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Showing posts with the label missing

The Like-Live Paradox

I was recently struck by a glaring difference between how I and a programmer prepared for testing. Unlike the majority of the testing I am involved in, this particular testing 'phase' had to be scheduled in advance and we couldn't "just do it". This also meant we had more time to prepare and plan than we typically do. This 'waiting period' had its uses. We had time to create tools that might be useful and check the configuration of the systems we would be testing. The team, familiar with the concepts of exploratory testing, were comfortable with an approach that meant we did not spend the majority of the time pre-scripting tests [be they coded or in a spreadsheet etc]. We did however build a high-level checklist of areas to test and used this to drive our program of tools and configuration checking/fixing/building. The key difference I observed was the absolute nature of the programmers comparisons between our test systems and our live-production syste

Google testing blog comment...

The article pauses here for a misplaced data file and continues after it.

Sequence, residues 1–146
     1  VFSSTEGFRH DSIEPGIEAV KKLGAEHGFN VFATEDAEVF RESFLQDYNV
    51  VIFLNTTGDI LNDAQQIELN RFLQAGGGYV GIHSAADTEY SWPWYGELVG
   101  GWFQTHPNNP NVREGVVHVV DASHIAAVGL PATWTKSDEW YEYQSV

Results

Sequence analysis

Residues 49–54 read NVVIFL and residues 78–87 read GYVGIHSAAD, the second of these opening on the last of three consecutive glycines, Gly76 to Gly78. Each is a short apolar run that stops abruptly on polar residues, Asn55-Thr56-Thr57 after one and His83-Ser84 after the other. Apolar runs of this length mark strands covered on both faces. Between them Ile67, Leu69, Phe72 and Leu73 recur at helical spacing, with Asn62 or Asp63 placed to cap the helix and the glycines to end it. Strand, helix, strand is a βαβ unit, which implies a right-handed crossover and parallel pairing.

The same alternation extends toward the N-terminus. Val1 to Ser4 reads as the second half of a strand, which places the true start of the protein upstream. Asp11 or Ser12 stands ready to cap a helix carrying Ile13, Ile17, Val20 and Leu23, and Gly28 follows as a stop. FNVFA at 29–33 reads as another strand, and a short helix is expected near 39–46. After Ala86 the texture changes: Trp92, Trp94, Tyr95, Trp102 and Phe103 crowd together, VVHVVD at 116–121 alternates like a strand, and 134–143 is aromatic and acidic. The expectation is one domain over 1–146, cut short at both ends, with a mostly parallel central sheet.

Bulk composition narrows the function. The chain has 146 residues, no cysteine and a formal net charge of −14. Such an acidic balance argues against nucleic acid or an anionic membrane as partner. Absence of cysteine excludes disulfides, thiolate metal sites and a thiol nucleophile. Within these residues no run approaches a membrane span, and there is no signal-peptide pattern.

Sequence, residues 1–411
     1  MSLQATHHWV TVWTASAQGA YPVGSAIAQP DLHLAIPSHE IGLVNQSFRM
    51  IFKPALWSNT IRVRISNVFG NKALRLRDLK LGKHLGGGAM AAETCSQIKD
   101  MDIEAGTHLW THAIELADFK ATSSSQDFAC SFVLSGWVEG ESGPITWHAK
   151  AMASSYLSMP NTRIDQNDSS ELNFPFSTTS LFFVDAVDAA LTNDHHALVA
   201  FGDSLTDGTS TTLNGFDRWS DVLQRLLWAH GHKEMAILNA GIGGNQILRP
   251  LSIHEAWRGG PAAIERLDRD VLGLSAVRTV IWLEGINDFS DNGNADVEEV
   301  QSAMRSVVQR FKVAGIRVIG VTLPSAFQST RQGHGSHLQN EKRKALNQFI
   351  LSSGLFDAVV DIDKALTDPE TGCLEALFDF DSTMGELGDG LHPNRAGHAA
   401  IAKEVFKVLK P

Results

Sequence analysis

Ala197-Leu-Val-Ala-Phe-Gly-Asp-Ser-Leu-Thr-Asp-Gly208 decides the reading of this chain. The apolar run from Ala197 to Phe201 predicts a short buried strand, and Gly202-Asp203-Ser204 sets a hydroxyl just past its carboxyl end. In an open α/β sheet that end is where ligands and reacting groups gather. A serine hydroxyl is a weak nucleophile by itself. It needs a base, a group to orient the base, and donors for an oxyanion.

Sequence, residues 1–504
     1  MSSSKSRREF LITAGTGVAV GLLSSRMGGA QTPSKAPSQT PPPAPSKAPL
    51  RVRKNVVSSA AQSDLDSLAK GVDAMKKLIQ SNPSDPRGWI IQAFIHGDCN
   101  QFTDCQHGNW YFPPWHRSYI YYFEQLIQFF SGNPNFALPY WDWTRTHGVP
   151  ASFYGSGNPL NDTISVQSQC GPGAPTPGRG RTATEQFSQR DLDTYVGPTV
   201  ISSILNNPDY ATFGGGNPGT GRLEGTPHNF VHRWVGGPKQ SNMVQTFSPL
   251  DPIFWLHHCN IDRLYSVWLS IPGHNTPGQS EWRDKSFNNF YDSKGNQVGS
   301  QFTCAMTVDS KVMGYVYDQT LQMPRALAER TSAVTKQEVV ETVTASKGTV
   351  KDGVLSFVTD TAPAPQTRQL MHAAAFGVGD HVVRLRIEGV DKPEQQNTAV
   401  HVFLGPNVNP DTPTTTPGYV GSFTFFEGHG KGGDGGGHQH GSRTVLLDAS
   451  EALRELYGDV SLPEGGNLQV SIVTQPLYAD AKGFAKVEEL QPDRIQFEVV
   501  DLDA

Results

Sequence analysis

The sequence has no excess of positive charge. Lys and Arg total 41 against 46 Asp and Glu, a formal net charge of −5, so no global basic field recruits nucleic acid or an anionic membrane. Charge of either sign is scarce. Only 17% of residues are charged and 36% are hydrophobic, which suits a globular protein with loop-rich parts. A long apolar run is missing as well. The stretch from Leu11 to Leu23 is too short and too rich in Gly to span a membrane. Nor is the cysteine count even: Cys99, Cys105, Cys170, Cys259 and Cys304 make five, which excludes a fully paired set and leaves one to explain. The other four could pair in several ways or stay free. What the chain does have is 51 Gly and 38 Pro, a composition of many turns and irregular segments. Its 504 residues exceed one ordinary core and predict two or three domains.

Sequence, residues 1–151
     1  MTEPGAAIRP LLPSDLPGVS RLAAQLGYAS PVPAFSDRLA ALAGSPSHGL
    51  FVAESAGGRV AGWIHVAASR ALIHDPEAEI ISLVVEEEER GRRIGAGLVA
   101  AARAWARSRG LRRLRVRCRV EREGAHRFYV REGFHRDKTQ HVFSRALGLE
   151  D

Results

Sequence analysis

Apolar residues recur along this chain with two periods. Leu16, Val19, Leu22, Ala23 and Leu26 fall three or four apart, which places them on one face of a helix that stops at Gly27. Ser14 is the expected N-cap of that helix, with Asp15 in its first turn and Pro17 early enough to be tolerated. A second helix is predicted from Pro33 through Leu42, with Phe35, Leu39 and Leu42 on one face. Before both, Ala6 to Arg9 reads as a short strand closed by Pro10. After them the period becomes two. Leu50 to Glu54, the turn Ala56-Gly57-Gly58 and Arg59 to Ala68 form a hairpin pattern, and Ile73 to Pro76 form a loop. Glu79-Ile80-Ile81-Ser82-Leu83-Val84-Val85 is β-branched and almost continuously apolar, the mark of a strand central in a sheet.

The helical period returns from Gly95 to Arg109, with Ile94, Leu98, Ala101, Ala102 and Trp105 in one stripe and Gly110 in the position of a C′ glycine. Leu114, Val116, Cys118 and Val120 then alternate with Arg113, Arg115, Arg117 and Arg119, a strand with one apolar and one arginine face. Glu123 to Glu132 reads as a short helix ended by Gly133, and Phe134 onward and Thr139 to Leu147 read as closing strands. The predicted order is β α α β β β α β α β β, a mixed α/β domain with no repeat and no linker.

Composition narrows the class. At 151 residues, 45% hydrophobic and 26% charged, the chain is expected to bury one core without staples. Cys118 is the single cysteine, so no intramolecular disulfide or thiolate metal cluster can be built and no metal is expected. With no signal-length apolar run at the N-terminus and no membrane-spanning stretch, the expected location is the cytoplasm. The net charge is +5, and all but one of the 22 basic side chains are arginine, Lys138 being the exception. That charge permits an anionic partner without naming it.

I recently read a post on the G o o g l e Testing blog titled:  How Google Tests Software - Part Three . I added a comment to the post, but that comment has yet to appear . I thought I'd add post my comment here in the mean time. (I've added some links here, for the curious) “I agree that 'quality' can not be 'tested in'. But the approach you describe appears to go-ahead and attempt to do something just , if not more, difficult. You suggest that a programmer will produce quality work by just coding 'better'. While a skilled and experienced programmer is capable of producing high quality software, who will tell them when they don't or can't? We are all potentially victims of the Dunning–Kruger effect, and as such we need co-workers to help. There are a host of biases that stop a programmer, product owner or project manager from questioning their work. The confirmation and congruence bias to name just two. These are magnified by group-think